I'm sure if climate scientists were in charge of things they would "put up". But they're not; politicians are, and politicians naturally worry more about being b lamed for action more than being blamed for inacdtion. They'd rather be forced to spend a trillion dollars than choose to spend a hundred billion.

But even if you are willing to take the hit as a politician, you can't do it alone. You need to bring other politicians around, and the public around as well. If you can't take effective steps right away, you take what you can. This gets people working on CO2 reduction technologies and businesses, and builds a constituency for more steps. It's like stopping a cattle stampede. You can't make the entire herd stop and change direction at once, you get the lead cows heading in a slightly different direction.

Comment Re:Follow the money... (Score 1) 461

Obamacare reformed the healthcare system.

Obamacare was designed to fail so that the ultimate goal...full government-run, single-provider healthcare...could be rolled out in the US. It was a "Trojan horse" but without any real subterfuge other than propaganda ops shouting down anyone who tried to point this out.


My monthly bill went from $500 per month to $150 per month.

You seem to be the exception rather than the rule. If we actually met IRL you'd be the first person I've ever met whose medical insurance rates went down for a comparable level of coverage due to the ACA.




Comment Re:Population control (Score -1, Offtopic) 270

So, that's it: how to save the world: bring people out of poverty, give them education, and give them access to birth control.

You don't need the totalitarian bullshit.

But that's hard to do, and besides, it doesn't give TPTB ever more control over people's lives and yet another excuse to pick their pockets at gunpoint while not doing anything that actually addresses the 'problem' but merely transfers wealth to those they favor.

You expect any politician worthy of the name to work to empower and lift people out of poverty? Maybe if we had some statesmen instead of politicians, but Trump!/Clinton!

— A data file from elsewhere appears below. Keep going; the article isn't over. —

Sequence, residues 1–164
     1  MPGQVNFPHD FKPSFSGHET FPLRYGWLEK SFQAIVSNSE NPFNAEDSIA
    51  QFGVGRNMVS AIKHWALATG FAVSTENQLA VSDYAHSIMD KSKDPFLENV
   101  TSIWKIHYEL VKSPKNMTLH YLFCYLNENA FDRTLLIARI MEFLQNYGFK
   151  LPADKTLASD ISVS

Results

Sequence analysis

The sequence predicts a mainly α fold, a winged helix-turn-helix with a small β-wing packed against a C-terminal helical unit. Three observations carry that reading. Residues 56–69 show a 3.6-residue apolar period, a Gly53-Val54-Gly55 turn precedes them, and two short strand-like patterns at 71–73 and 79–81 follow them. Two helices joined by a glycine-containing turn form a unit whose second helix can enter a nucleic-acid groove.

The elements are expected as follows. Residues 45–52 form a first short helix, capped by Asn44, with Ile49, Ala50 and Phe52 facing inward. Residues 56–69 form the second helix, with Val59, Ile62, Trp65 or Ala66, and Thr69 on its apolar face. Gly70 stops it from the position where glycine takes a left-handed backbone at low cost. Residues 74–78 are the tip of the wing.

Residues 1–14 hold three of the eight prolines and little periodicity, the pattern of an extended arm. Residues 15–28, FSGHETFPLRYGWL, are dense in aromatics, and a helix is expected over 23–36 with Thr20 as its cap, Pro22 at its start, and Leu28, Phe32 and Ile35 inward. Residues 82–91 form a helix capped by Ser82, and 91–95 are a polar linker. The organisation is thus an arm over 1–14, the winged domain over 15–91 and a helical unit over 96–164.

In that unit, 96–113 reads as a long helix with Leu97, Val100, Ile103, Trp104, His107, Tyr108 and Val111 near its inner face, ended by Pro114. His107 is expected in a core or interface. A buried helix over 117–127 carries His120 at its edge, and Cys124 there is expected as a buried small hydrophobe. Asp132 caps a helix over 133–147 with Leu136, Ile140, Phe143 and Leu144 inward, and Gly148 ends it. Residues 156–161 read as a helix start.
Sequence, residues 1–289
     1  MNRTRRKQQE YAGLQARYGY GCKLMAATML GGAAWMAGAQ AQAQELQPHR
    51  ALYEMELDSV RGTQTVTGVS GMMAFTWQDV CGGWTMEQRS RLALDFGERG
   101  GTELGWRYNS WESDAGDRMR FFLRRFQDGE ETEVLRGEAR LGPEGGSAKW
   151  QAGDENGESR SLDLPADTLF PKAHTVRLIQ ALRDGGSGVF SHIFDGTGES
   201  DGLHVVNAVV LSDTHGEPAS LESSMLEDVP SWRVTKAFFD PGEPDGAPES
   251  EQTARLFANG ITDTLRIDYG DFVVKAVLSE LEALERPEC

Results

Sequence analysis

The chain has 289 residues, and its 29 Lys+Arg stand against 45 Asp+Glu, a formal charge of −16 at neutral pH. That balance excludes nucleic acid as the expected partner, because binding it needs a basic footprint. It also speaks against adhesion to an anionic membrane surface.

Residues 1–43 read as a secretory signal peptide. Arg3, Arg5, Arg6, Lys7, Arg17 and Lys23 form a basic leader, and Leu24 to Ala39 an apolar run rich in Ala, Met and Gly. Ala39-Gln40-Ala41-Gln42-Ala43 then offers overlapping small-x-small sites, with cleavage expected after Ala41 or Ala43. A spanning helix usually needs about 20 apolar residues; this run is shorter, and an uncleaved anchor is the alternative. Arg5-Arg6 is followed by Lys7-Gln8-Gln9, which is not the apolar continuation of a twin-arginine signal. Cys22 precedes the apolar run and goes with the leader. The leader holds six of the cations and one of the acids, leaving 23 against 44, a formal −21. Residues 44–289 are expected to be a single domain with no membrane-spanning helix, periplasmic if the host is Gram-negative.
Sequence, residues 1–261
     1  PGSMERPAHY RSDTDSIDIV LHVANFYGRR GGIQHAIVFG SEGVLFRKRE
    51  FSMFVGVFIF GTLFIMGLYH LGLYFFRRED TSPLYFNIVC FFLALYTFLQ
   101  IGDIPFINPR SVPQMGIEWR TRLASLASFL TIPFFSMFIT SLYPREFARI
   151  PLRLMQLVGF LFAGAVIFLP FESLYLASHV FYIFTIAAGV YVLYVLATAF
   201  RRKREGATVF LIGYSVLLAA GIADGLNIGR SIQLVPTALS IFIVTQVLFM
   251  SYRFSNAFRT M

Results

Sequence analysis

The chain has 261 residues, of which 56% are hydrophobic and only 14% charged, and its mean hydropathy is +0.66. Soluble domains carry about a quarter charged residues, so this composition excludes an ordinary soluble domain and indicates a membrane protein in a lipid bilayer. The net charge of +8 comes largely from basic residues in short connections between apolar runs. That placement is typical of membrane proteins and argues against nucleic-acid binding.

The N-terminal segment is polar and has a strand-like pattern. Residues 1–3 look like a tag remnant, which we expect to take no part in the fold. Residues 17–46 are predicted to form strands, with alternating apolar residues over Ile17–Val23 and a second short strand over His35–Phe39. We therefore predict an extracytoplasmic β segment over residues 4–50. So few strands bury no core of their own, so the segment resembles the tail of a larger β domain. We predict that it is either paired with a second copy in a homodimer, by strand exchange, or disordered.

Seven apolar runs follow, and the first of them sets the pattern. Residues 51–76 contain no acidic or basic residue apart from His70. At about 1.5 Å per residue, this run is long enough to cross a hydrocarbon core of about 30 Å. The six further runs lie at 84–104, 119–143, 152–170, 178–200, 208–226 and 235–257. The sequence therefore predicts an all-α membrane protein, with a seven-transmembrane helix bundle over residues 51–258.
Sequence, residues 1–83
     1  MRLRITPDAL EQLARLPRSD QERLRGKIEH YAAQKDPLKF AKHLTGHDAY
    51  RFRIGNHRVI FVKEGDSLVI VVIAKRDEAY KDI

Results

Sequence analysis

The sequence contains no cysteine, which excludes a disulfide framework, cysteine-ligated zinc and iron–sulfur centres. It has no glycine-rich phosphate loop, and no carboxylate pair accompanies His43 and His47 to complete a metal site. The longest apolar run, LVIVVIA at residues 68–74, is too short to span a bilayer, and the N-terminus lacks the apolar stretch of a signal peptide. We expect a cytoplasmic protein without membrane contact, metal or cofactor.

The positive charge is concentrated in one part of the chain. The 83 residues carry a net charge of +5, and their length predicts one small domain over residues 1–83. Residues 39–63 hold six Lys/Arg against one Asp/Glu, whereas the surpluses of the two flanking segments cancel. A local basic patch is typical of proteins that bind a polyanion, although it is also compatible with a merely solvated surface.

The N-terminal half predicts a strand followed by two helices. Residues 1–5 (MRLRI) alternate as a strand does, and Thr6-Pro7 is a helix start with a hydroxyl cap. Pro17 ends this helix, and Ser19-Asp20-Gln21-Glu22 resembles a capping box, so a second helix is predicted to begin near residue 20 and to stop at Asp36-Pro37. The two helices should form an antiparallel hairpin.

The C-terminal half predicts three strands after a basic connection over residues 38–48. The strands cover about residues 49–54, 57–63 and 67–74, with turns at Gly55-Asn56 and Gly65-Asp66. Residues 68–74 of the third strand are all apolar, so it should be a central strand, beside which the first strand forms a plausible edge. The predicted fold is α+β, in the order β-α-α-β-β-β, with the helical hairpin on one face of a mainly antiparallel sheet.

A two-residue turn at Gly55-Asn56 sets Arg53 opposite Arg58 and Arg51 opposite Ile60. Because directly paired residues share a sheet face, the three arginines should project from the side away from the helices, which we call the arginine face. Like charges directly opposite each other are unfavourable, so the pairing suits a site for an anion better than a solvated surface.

We're SO hosed!


Comment Re:DGW - Dinosaurogenic Global Warming (Score 4, Informative) 270

Of course, the problem with focusing exclusively on the costs of trying to stop or (more realistically) slow climate change implicitly assumes that inaction won't cost us anything. In fact we're looking at costs either way. We're in a minimax kind of situation: how do we minimize the maximum costs?

There's also another wrinkle to this, which is that costs (and indeed profits -- every misfortune profits someone) aren't distributed evenly. The key determinant of how much you have to pay for or profit from climate change is how mobile your capital is. If you're a Bengladeshi subsistence farmer you're going to take +2C right on the chin. If you're a Wall Street bank you take your investments out of farms which are going to lose productivity in the next ten years or so shift to underwriting the opening of new farms in newly favorable places. In other words you make money going and coming. Likewise if you own multiple homes your risk from local changes is spread out. If the lion's share of your nest egg is in a house that is in the new 20 year floodplain or in the range of a newly endemic zoonosis, you're screwed.

So even if you can't avoid +2C without climate engineering (which might not be such a bad thing), getting there in ten years instead of twenty or thirty makes a huge difference. And beyond 2C, there are other benchmarks beyond that we don't want to hit in a hurry.

This is not a black-and-white situation: that we had our chance to do something and now there is nothing we can do. We had our chance to avoid this situation and now we're talking about how much time we'll have to adapt.

Comment Re:What are we forgetting... (Score 1) 204

Big asteroids are a valid concern, and very long-term I do believe humans should work at establishing a human presence on other worlds (starting with the Moon), however asteroid bombardment should *not* be a factor in driving humans to inhabit other worlds.

It would be far, far easier for us to improve our capabilities for detecting large asteroids, and then deflecting them, than to figure out how to live on Mars. Dealing with asteroids is not that hard: first we have to actually invest some resources into looking for the damn things. We do a little of that right now, but not nearly enough, as the strike in Russia a couple years ago proved. This isn't hard; we just need more probes in orbit, or perhaps in Solar orbit closer to the Sun (to spot ones that we can't see from here because the Sun's light drowns them out). Second, we need to develop the capability of deflecting them. With good enough detection, this isn't hard: you just send a big craft up there with some engines (probably ion engines) and a lot of fuel and run them for a long time to push it into a slightly different and safer orbit. If you have enough forewarning, it's not that hard, because a little movement will make a big change in trajectory over a long time. The key here is having enough forewarning; if your detection efforts are so lame that you have very little warning, then you're not going to be able to avert disaster.

Simply put, it'd be a lot easier and cheaper for us to invest in some space-based telescopes optimized for detecting Earth-crossing asteroids than to develop all the technology and infrastructure needed for establishing a colony on Mars. And the end result is better too: instead of some small colony on Mars surviving while the bulk of humanity perishes, along with the most livable planet for humans, we can keep our planet and the entire human race intact.

But if we're too stupid and short-sighted to invest in some telescopes, then maybe we deserve to be wiped out like the dinosaurs.